Tuesday, July 24, 2007

More on those floods and the national sport called "Seek a distraction, or, better still, a scapegoat"

Picture by Pat Rafter of Evesham (submitted to Sky News)

I posted the following a few minutes ago to today's Telegraph "You View" topic entitled "Should Cameron return from Africa to the UK floods ? "

"Personally, I think David Cameron had his priorities wrong in going to Rwanda instead of focusing on his duties as Leader of the Opposition. But now he's there, it is absurd to suggest he should break his engagements, leaving organisers in the lurch.

Re events back home: the only sure and certain flood defence is to build on high ground. However, even with the benefit of a car, it's probably only a minority of folk who wish to haul up a windy hill each day, if the only reason for doing so is to escape serious flooding that occurs only once every 50 years. Most folk in my experience (speaking as a previous hilltop dweller) prefer a level walk to shops and schools to having a spectacular view over their neighbour's rooftops.

We have built our homes on lower ground, close to river banks, flood plains even, for millenia, certainly since the Iron Age, but we seem to have forgotten the risk-benefit equation that comes from doing so.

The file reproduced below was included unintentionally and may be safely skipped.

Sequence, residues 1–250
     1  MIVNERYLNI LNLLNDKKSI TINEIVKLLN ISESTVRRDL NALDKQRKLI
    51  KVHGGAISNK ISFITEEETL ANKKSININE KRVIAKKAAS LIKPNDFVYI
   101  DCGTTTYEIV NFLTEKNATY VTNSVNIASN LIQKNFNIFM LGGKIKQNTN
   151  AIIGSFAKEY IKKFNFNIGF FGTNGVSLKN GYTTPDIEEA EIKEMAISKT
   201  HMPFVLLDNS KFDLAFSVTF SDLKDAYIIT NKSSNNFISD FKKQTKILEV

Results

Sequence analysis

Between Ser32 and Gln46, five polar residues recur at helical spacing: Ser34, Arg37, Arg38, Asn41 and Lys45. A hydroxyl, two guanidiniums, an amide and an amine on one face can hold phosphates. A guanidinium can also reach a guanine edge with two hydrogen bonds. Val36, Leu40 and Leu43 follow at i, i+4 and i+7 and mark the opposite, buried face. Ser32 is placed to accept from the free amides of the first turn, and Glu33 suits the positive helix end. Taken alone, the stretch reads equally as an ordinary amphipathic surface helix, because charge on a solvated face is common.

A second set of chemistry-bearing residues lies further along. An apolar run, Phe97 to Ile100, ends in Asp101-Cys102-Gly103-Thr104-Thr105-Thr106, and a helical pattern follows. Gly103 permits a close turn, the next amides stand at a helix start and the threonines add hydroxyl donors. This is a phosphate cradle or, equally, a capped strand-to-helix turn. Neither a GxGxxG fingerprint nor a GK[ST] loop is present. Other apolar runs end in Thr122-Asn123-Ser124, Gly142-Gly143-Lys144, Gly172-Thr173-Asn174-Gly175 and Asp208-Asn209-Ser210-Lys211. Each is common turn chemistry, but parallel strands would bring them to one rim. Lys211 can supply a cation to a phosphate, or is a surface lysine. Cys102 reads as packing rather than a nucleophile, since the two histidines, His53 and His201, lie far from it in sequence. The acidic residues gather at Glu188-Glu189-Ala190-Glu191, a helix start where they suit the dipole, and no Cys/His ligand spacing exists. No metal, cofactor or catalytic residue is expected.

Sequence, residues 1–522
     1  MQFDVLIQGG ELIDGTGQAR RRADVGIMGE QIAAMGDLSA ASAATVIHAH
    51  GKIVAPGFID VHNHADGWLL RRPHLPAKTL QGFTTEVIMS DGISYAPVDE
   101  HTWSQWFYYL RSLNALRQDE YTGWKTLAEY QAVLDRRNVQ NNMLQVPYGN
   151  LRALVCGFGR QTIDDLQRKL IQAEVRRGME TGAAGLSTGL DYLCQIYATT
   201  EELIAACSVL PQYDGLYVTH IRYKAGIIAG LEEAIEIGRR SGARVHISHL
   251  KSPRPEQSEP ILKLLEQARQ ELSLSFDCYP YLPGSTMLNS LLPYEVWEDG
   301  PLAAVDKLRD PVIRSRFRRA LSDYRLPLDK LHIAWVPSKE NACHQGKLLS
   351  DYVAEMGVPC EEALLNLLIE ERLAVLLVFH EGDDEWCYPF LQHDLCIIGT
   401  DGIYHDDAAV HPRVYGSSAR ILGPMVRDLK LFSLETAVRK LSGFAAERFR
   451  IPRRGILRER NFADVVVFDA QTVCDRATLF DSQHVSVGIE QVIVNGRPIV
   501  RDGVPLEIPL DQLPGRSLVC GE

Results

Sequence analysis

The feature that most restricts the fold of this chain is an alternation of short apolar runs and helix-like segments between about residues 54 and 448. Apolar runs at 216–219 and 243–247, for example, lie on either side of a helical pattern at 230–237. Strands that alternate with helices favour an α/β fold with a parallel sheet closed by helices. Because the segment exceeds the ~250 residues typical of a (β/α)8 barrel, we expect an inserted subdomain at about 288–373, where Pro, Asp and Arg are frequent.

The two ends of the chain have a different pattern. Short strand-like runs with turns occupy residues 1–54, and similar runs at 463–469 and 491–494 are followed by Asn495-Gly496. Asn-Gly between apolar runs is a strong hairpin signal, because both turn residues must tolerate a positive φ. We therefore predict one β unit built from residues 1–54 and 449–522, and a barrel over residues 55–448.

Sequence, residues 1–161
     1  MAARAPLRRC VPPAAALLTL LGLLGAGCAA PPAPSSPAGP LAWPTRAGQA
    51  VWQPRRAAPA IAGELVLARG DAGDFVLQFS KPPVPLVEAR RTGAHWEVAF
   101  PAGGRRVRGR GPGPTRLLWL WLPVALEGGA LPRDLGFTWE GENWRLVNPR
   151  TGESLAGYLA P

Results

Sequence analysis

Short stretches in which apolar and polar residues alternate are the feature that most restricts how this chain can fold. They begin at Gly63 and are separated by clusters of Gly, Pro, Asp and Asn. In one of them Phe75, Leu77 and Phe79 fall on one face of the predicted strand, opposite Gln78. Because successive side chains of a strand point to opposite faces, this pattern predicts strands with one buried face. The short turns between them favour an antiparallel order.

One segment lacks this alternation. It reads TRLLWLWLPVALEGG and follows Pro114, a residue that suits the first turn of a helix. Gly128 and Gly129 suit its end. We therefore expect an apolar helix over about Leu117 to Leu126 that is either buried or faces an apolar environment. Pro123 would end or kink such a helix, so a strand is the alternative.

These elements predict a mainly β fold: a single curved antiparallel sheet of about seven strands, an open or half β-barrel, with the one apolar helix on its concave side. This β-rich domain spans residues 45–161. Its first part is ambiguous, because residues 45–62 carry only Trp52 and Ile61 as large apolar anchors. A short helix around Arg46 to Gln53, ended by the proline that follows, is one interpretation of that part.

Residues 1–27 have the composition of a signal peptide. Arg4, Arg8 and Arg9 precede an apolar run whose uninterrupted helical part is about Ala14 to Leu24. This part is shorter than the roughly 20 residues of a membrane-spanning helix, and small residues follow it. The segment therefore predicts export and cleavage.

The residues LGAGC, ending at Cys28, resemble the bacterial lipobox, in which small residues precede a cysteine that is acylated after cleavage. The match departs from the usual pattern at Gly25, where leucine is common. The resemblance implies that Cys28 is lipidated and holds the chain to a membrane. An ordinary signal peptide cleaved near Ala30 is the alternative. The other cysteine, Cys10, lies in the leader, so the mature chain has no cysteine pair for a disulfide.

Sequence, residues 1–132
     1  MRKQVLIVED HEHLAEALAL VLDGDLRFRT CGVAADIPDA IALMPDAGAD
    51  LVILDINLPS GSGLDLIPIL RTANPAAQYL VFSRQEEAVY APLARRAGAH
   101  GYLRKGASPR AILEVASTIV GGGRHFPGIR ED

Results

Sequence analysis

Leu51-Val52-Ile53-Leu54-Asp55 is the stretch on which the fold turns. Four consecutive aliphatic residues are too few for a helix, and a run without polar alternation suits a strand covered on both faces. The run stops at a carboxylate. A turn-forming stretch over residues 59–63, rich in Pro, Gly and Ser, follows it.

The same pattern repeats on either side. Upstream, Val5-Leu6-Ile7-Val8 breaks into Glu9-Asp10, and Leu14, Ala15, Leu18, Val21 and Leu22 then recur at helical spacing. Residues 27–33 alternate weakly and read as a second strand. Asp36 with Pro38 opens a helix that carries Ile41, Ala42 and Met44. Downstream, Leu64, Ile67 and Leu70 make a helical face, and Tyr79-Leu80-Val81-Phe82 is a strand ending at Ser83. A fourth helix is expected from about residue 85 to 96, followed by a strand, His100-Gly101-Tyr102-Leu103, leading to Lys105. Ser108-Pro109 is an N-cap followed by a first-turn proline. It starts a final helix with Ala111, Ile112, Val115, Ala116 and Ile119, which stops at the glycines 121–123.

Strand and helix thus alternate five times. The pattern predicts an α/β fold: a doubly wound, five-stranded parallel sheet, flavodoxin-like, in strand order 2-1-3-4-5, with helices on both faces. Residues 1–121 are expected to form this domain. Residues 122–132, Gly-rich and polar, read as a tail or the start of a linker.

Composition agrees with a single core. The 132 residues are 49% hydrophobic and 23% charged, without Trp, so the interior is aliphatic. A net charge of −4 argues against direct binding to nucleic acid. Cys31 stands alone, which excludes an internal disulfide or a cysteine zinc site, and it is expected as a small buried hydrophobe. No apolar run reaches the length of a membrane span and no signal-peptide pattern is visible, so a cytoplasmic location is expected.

And when the inevitable flooding occurs, what do we do ? We look round for someone to blame, for not spending enough on so-called flood defences that are hugely expensive and never perfect, and can always be overwhelmed, as New Orleans has discovered. Or we blame the nearest prominent politician for not being on the spot in his wellies, displaying his Dunkirk spirit, whilst getting under the feet of the emergency services. They are the ones who are trained to deal with situations where there are lives, rather than reputations, at risk.

The only kind of high ground being considered on this forum is the moral one, being seized by folk who are using a natural phenomenon, albeit of disaster proportions, to score some cheap political points. "

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